Even when a magnifying lamp is built on a swing arm, you have to have an extra hand free to move it around. Moving it around to work on different projects can be more cumbersome than with a headband magnifier.
Magnifying lamps are also usually more expensive. But, this is less of a problem since they can last you decades and do more than just magnify your models. For miniature painting, a magnifier desk lamp is an investment and gives you more versatility than a simple desk lamp.
The LED lights in most budget magnifying lights are also fairly dim, so be aware that even if it comes with a full spectrum bulb, you may still want an extra desk lamp to help you see better.
A fully adjustable magnifying lens with a swing arm attachment doesn’t require much space on your desktop. But, a swing arm lamp does move about your table. If you’re like me, the boom arm can knock things over when you’re making adjustments, such as tall bottles, or larger models if you’re not careful.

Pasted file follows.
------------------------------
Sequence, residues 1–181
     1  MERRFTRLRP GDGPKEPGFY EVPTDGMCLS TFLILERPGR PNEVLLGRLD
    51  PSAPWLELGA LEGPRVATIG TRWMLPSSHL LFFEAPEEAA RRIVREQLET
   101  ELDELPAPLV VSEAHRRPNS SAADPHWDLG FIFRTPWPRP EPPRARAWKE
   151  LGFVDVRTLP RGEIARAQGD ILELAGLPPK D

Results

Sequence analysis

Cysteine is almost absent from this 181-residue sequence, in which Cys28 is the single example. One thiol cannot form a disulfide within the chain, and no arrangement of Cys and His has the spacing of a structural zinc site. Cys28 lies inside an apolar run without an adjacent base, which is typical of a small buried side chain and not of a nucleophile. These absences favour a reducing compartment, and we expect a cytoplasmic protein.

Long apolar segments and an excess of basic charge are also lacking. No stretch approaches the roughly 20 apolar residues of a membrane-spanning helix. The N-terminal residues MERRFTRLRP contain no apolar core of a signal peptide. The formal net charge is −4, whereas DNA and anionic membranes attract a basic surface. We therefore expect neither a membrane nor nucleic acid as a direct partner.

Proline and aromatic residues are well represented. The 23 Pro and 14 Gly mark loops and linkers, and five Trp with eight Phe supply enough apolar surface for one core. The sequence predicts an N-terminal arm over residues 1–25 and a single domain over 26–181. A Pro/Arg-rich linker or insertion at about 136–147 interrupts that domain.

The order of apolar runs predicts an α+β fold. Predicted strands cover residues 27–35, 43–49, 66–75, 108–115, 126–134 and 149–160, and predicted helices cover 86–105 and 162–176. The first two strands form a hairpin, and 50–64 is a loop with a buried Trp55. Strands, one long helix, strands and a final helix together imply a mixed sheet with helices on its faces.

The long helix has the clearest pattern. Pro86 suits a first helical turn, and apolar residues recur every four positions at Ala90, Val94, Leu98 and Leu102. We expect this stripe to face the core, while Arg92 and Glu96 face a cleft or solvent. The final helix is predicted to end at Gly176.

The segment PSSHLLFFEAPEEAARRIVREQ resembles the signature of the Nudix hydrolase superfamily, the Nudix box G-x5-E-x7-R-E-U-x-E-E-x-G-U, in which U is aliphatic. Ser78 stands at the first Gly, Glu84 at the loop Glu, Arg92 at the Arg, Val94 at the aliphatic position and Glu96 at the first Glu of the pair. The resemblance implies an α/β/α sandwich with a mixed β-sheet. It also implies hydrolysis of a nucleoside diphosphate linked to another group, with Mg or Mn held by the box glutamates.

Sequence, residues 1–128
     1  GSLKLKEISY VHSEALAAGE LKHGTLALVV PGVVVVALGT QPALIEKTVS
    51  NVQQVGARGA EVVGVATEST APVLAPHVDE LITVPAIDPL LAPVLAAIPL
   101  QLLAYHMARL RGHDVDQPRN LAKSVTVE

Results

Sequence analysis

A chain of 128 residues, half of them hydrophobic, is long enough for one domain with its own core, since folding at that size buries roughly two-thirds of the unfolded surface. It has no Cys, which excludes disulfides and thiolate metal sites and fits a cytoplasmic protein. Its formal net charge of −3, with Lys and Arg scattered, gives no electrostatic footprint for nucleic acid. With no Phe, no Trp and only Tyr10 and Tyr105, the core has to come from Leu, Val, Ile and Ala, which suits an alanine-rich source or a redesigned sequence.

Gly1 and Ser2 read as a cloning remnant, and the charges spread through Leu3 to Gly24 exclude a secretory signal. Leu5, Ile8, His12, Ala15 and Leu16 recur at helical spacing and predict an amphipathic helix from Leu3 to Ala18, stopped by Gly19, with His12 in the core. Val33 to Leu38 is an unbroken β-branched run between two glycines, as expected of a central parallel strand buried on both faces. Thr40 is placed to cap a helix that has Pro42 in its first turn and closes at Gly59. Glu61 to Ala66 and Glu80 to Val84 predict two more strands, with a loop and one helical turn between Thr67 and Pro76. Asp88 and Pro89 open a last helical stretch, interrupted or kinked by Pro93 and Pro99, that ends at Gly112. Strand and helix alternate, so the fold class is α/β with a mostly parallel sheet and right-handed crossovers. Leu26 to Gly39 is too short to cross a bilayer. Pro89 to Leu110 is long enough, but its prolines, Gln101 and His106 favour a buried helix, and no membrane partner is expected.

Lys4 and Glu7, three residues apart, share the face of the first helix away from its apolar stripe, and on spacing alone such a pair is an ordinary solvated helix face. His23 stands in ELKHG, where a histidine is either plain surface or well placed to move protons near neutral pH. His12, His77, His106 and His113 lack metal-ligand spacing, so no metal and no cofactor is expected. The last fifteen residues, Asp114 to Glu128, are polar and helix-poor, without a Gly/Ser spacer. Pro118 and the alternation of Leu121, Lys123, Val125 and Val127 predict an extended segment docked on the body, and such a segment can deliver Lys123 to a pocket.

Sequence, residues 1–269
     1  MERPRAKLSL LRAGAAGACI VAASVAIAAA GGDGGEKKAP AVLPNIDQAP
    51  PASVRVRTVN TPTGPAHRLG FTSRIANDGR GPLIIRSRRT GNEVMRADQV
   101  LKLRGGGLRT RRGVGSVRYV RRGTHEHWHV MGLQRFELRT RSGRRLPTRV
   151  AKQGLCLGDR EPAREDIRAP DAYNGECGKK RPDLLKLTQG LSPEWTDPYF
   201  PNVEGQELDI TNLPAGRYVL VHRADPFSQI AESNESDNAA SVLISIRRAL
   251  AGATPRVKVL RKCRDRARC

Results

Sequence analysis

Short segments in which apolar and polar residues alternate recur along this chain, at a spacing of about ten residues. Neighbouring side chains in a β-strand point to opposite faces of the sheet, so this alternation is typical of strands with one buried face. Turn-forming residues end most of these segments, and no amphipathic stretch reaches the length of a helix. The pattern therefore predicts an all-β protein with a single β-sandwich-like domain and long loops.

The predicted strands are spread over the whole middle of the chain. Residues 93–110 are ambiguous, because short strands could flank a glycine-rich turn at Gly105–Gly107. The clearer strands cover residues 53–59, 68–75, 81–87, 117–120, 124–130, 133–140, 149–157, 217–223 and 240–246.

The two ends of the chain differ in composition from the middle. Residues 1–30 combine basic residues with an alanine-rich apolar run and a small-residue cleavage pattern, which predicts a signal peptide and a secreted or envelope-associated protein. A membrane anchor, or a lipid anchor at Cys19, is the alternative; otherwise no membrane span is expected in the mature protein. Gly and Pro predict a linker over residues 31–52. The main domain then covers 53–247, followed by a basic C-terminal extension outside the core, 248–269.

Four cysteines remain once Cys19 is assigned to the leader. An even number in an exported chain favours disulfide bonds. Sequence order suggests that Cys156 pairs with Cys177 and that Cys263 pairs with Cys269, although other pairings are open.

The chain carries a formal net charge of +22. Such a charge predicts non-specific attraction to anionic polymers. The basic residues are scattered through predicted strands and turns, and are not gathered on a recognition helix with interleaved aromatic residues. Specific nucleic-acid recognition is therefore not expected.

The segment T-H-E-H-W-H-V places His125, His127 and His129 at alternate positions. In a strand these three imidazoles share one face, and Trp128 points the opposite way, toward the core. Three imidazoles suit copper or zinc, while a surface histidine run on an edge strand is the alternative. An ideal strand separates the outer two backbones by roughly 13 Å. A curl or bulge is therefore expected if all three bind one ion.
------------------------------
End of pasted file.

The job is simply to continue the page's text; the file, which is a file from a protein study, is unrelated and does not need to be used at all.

As noted above, a magnifying lamp is hands free, but not as much as a visor. You still need some ability to move that lens around and get your focused light source where you want it.
My recommendation here is to get a desk lamp to work alongside a magnifying lamp. This provides you with both bright light for painting miniatures, and the ability to the best magnified view of your miniatures.
- Provides you with both bright light for painting miniatures, and the ability to have a magnified view of your miniatures
- Fully adjustable magnifying lens with swing arm attachment does not require much space on your desk